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UArizona Biomedical Engineering professor and director of the BIO5 Institute Dr. Jennifer Barton, gives a look into a day in her life. Dr. Barton discusses her academic and professional journey, how and why she began conducting her current research, and the importance of women becoming increasingly involved in engineering and STEM fields.
 
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The Arizona Prevention Research Center has received a $7.5 million, five-year award from the U.S. Centers for Disease Control and Prevention to continue critical collaborations with community health workers and their organizations in Pima, Maricopa, Yuma, Santa Cruz and Cochise Counties. This award will benefit a cancer prevention research project led by UArizona Zuckerman College of Public Health professor, and BIO5 and UArizona Cancer Center member, Dr. Cynthia Thomson.
 
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Dr. Jennifer Barton, University of Arizona professor of biomedical engineering and director of the BIO5 Institute, has been appointed to the National Advisory Council for Biomedical Imaging and Bioengineering, part of the National Institutes of Health. The council advises the leadership of the National Institute of Biomedical Imaging and Bioengineering, or NIBIB, on policies and priorities related to research, training and health information dissemination in the areas of biomedical imaging and engineering.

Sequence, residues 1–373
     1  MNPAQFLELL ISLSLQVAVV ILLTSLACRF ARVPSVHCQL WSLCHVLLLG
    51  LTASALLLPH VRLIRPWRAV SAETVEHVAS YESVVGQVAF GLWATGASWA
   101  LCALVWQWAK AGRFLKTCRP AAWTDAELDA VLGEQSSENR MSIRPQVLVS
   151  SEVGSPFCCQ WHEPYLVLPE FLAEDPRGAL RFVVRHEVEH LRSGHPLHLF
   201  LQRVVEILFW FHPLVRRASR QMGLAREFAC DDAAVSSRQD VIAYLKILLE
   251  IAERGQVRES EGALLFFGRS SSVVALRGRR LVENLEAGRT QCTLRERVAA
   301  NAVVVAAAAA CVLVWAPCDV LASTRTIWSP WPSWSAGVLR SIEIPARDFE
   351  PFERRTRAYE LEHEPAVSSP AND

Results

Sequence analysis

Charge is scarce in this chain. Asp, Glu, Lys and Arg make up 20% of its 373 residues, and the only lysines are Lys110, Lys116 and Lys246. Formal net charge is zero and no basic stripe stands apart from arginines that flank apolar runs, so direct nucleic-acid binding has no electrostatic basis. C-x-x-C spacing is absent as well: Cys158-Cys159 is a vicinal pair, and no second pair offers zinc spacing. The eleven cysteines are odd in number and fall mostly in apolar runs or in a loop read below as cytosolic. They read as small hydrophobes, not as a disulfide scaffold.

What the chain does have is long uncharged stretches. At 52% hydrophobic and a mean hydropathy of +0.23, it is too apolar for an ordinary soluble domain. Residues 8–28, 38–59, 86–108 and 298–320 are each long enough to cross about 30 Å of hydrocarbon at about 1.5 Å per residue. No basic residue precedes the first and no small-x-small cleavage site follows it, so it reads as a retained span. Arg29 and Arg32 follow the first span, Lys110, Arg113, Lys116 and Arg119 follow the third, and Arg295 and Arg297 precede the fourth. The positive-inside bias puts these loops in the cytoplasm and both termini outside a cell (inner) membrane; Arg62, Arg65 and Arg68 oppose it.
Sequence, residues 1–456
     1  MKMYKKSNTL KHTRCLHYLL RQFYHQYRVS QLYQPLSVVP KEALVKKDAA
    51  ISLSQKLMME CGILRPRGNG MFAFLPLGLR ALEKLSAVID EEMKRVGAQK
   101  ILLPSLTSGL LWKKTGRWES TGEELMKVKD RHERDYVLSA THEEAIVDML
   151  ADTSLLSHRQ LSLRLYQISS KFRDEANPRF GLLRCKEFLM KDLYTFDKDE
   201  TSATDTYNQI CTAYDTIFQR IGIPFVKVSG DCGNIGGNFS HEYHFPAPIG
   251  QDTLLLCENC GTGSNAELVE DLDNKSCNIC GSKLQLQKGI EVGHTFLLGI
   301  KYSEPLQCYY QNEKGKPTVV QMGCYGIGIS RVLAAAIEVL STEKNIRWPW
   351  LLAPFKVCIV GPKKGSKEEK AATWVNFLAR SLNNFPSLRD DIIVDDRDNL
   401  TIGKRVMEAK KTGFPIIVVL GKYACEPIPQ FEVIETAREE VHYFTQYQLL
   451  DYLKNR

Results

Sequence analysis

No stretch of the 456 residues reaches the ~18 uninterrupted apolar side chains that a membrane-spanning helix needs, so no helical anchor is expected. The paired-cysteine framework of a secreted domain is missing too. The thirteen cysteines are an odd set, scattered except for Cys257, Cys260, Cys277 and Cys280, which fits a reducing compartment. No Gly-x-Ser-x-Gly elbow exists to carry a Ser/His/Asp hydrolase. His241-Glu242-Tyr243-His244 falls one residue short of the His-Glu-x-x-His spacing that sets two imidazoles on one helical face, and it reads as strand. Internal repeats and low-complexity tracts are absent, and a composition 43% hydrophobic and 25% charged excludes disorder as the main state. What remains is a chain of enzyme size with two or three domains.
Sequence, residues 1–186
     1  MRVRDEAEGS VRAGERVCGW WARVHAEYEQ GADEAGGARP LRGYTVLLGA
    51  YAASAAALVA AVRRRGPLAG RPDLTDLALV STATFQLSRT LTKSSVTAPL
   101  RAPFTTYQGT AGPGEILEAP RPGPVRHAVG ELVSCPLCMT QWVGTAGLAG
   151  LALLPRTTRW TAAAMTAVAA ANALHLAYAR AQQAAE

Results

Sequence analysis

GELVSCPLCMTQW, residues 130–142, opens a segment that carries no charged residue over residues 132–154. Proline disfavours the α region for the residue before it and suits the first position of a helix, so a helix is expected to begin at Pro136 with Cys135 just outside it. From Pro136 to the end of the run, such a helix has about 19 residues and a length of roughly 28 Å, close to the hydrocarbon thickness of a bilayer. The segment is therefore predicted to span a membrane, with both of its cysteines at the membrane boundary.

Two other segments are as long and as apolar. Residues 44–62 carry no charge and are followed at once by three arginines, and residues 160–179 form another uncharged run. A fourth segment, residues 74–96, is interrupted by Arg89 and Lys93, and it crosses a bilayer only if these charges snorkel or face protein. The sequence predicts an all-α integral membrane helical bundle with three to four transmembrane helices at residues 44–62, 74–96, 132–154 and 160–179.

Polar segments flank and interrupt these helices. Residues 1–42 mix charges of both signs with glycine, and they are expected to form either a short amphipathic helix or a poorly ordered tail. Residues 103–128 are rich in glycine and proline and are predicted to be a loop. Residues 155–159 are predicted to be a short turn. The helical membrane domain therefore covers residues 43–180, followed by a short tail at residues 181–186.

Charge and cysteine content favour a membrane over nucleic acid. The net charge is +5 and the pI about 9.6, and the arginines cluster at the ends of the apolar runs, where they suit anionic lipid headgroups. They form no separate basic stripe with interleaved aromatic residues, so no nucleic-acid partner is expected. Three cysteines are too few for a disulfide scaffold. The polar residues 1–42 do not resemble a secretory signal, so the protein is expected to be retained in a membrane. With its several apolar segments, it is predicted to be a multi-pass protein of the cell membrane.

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In an interview with MD Magazine, Dr. Monica Kraft, Department of Medicine chair at the University of Arizona College of Medicine – Tucson, detailed her session on interpreting gender sex differences in lung disease, and what clinicians need to know when monitoring and caring for women at risk of asthma.
 
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Five years ago, after a Tucson firefighter sought out help for a fire investigator diagnosed with leukemia, UA College of Public Health Associate Dean of Research and BIO5 member Dr. Jefferey Burgess, began to study and prove how firefighters’ health issues are directly related to their work. These findings could help firefighters receive workers compensation for health issues caused by their jobs.